I think we have to be really careful and try not to have a top-down, trickle-down approach. The development of communications efforts and campaigns absolutely has to happen in collaboration with the communities that you hope to serve with those messages. I’m talking about community-based interventions. Yes—we should have national, cohesive strategies for the pandemic and for communications. But then, communications really need to be hyper-localized, and if you’re going to do that effectively, then you’d better talk to the imams, rabbis—whichever health advocacy organizations at the community level are already connected to their communities. They look like the people that they serve and that they work with, and I think that’s what can lead to successful communication.
Structural violence, lived experience of medical racism, and a heinous history of forced experimentation have contributed to vaccine hesitancy in Black, Indigenous, and Latinx communities. How do you address that reality as part of the rollout of lifesaving—and community-protecting—vaccines?
It’s not enough to just say, “We’ll put you at the front of the line now”—if that's even happening—or, “You should trust us.” There are historical and also, recent reasons why people would not trust somebody in a white coat. It goes beyond Tuskegee. I just don’t see how you can expect people to roll up their sleeves and get vaccinated with a very new vaccine when our professions—medicine, science, public health—have not acknowledged or atoned for the very history of our disciplines. For instance, we still name the medical school buildings and surgical equipment after men who were eugenicists. Cells of our body are named after these fascists who believed awful things about Black and brown people and women, about the sizes of our brains compared to White people.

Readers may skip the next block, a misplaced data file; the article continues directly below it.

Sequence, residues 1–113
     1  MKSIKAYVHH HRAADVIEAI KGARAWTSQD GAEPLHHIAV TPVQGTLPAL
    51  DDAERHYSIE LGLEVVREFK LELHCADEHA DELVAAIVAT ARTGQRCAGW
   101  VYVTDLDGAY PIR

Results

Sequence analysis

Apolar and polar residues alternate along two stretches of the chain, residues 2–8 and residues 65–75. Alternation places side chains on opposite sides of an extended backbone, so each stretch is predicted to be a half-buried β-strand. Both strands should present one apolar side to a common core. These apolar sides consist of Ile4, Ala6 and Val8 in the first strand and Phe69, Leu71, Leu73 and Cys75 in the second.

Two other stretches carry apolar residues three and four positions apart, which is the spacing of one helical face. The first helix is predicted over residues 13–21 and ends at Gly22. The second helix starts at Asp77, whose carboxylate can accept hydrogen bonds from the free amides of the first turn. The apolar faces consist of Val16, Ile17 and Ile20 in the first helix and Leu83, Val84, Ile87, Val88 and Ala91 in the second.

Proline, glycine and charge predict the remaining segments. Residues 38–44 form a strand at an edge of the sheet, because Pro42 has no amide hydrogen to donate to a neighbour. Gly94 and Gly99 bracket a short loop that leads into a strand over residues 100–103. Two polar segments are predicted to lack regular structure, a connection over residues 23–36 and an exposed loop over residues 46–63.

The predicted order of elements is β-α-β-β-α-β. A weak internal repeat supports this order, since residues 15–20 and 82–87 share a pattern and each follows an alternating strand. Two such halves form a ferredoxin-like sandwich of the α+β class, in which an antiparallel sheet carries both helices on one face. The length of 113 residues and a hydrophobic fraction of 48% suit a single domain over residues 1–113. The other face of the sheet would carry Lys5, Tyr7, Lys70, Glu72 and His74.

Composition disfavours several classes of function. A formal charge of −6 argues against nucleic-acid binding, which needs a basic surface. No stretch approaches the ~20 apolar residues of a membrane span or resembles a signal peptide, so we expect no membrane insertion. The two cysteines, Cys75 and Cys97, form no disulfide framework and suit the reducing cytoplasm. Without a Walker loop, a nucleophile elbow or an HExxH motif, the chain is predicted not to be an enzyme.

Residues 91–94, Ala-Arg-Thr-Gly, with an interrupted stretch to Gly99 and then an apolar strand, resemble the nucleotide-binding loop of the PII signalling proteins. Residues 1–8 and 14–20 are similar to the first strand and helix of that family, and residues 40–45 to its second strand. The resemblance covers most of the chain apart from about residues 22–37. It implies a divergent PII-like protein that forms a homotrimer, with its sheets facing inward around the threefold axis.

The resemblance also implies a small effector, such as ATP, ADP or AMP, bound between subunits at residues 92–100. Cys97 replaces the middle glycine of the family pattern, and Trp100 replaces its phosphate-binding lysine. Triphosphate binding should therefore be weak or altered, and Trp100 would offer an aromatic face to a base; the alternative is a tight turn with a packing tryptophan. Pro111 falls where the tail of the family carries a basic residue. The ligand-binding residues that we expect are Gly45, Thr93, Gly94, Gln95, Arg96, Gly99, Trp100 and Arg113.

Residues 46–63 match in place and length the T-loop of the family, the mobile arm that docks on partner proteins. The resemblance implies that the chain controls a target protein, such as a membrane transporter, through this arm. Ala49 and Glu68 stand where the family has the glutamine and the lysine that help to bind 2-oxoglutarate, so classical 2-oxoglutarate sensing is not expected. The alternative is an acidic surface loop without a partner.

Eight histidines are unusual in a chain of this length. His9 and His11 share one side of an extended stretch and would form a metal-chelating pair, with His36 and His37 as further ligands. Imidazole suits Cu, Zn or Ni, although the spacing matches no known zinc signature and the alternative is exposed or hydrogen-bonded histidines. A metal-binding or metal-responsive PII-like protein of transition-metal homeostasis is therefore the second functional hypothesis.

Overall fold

Putting my journalism hat on, I think what we’re starting to see in some outlets, like National Geographic and the Los Angeles Times, is the beginning of the process of these outlets saying: “We acknowledge our role in White supremacy. Here’s how we covered lynchings. Here’s how we covered other atrocious events.” That’s the very bare minimum—and we haven't really seen this reckoning in science and medicine and public health. I don’t know how we expect to build bridges and gain people’s trust. It’s not an action that those individuals owe us. It’s a thing that we have to do from a position of literal power over human bodies when people are in the most vulnerable situations in their lives.
On an individual level, how can we communicate effectively with the people in our lives who may be on the fence about getting the vaccine?
The advice that I would offer, first off, is: Have those conversations. There are studies that show that individuals who had been exposed online to false information about vaccines—not just COVID but vaccines in general—who took it offline and into a conversation with friends or family were more protected. More immune, if you like, from being duped by the false information.
Then, I think you have to make sure you’re doing your research and finding out the context around the vaccines. For example, people have said to me, “Well, you’ve reported on vaccines for a long time and you’re always saying that the average time taken for vaccine development is 10 years. Why should I trust something developed in 10 months?’ I think that’s a fair question, and it’s such a shame that everyone hasn’t been given the right context. People don’t have the context that there were scientists who—for years, some up to a decade—were working on vaccines for situations just like this—for disease X or pandemic X—so that they could be nine steps ahead when a new pathogen emerged.
I was saying, really early on, that—because of the concerted global effort, because of the level of financial support that there’s been—we would likely develop a vaccine within a year. But the whole thing about a vaccine is that a vaccine in a vial won’t end a pandemic. It’s a vaccine given to people that ends a pandemic. And that last mile of distributing and then administering the vaccines sometimes falls apart because of communication. We practice evidence-based medicine; why do we not practice evidence-based health and science communication? The data are there about which techniques work and which don’t, but we just love to keep falling back on historical—but deficient—methods of health and science communication.